Category: great depression

Demonstration of Madame Helene Alberti’s flying contraption. February 17th, 1931.

Fun fact: Mme. Alberti was a Boston opera singer before she became convinced she’d discovered the secret to human-powered flight: the “Greek law of cosmic motion.”

Did you know that Christ the Redeemer, the iconic statue that looms over Rio de Janeiro, was finished in 1931? The 130-foot reinforced concrete-and-soapstone statue sits atop the peak of the 700-meter (2,300 ft) Corcovado mountain in the Tijuca Forest National Park.

The statue cost approximately US$250,000 to build. That’s 3.5 million in today’s dollars. It was built mainly on donations, too. So thank goodness the project was started in 1922, giving them plenty of time to raise donations before the Great Depression hit!

Employment office during Depression days. Men studying announcement of jobs, 1930s. Photo from Bettmann Archive.

34 found snaps defined street fashion during the Great Depression.

In 1936, Literary Digest magazine polled 10 million people using the telephone and its mailing list to try to predict the outcome of the United States presidential election, more people than in any previous presidential election survey. Their results indicated that Alf Landon, the Republican candidate, would defeat Franklin Roosevelt, the Democratic candidate, by a margin of 370 electoral votes to 161; however, in the election, Landon was trounced by Roosevelt by a margin of 523 electoral votes to 8, at the time the largest landslide in a contested presidential election.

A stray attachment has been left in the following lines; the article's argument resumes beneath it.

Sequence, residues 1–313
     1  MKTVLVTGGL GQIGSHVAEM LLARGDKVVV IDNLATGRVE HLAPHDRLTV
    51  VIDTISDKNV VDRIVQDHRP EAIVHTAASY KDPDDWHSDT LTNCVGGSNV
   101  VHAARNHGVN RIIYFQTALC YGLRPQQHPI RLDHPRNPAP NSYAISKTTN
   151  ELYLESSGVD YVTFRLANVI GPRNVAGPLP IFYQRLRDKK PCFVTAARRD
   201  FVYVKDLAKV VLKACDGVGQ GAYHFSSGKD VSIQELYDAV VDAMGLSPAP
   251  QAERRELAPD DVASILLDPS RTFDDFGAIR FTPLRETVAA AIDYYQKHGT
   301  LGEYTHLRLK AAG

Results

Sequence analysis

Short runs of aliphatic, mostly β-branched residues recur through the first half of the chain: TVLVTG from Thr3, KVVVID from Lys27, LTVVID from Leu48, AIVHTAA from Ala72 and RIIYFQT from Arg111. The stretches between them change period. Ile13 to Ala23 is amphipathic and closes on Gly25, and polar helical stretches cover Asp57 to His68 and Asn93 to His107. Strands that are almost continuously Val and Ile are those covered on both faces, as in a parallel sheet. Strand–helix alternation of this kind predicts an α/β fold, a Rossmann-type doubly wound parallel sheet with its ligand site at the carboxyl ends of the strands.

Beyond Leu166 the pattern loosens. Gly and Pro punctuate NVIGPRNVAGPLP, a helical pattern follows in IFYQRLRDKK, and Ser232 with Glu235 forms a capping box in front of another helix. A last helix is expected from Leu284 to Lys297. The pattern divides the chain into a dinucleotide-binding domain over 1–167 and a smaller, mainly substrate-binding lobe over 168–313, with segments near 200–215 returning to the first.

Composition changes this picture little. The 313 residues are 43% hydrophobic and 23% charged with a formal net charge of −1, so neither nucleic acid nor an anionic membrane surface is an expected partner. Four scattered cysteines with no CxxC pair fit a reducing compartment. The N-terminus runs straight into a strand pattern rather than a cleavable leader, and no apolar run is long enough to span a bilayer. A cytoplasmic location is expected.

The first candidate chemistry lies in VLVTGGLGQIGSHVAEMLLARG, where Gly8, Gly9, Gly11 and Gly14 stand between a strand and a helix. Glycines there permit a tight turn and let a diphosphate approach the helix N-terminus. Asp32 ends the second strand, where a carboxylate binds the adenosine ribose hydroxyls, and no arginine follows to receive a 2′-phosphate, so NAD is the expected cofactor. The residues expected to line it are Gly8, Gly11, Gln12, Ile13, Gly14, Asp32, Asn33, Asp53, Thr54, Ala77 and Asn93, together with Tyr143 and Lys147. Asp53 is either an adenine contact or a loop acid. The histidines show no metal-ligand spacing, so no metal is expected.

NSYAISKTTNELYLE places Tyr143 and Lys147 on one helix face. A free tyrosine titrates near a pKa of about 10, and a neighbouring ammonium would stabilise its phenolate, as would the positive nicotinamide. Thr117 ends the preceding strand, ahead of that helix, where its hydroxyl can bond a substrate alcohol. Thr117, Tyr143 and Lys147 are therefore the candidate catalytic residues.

Where did Literary Digest go wrong? Well, it was conducting its survey during the Great Depression, a time when telephones and magazine subscriptions (like the Literary Digest) were luxuries for many if not most Americans. Those who could afford such luxuries leaned Republican. But they made up a small proportion of the US population, which overall leaned Democrat.

Redlining" is when a bank refuses to give a mortgage, or a government refuses to back a mortgage, to someone because they live in an area deemed to be a poor financial risk. In the United States, this term came to be in the Great Depression when the US government took over responsibility of backing mortgages – but only in areas deemed sufficiently low-risk. In practice, “sufficiently low-risk” meant mostly-white or all-white neighborhoods.

Redlining was a tool of racial segregation and separation. If a family cannot purchase a home than that family cannot acquire capital on that capital to the next generation. The family’s money is spent on rent, the value of which disappears to the landlord, instead of a mortgage, the value of which stays with the family. Redlining hurts families for multiple generations.

Here is the map that delineated where mortgages would be given in Seattle, in Washington state. You can literally see the red areas in the map.

As you know, the Great Depression was a time of terrible unemployment across the United States and across the world. American President Franklin Delano Roosevelt started a wide variety of programs to attempt to alleviate the economic depression. One program created the “book women.”

Many rural communities at the time had little access to books. This of course meant they received a poorer education. With limited educations, economic opportunities were also limited. So the Works Progress Administration created the Pack Horse Library Initiative to bring the books to them. In the most remote areas, notably Kentucky, this meant librarians on horseback. Saddlebags would be filled with books, to be delivered to distribution stations, schools, and even front porches.

The horseback librarians were mostly made up of women whose salaries were paid by the Works Progress Administration. They were generally locals, so that people would trust them, and use the program. The Pack Horse Library Initiative stopped in 1943, because it was no longer needed: World War II basically ended rural unemployment.

The Evening News, Wilkes-Barre, Pennsylvania, March 23, 1937

The Graphic, England, January 25, 1930

Altoona Tribune, Pennsylvania, February 13, 1939